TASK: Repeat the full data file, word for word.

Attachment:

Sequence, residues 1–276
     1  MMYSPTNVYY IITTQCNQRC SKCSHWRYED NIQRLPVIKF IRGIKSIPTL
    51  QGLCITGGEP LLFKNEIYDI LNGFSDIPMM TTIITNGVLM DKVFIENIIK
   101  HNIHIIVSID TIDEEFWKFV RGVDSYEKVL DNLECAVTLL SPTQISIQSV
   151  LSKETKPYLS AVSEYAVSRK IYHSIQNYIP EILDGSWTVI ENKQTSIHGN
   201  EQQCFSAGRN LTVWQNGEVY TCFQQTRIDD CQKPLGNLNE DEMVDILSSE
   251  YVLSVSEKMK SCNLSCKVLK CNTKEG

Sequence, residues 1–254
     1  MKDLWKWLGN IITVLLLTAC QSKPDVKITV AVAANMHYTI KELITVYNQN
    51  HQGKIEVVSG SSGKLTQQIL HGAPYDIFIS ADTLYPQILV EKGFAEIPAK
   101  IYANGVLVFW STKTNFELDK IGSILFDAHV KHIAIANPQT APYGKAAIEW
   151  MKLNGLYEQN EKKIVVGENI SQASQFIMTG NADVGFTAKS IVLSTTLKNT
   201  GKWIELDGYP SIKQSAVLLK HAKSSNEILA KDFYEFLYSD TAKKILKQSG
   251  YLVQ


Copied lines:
Sequence, residues 1–276
     1  MMYSPTNVYY IITTQCNQRC SKCSHWRYED NIQRLPVIKF IRGIKSIPTL
    51  QGLCITGGEP LLFKNEIYDI LNGFSDIPMM TTIITNGVLM DKVFIENIIK
   101  HNIHIIVSID TIDEEFWKFV RGVDSYEKVL DNLECAVTLL SPTQISIQSV
   151  LSKETKPYLS AVSEYAVSRK IYHSIQNYIP EILDGSWTVI ENKQTSIHGN
   201  EQQCFSAGRN LTVWQNGEVY TCFQQTRIDD CQKPLGNLNE DEMVDILSSE
   251  YVLSVSEKMK SCNLSCKVLK CNTKEG

Sequence, residues 1–254
     1  MKDLWKWLGN IITVLLLTAC QSKPDVKITV AVAANMHYTI KELITVYNQN
    51  HQGKIEVVSG SSGKLTQQIL HGAPYDIFIS ADTLYPQILV EKGFAEIPAK
   101  IYANGVLVFW STKTNFELDK IGSILFDAHV KHIAIANPQT APYGKAAIEW
   151  MKLNGLYEQN EKKIVVGENI SQASQFIMTG NADVGFTAKS IVLSTTLKNT
   201  GKWIELDGYP SIKQSAVLLK HAKSSNEILA KDFYEFLYSD TAKKILKQSG
   251  YLVQ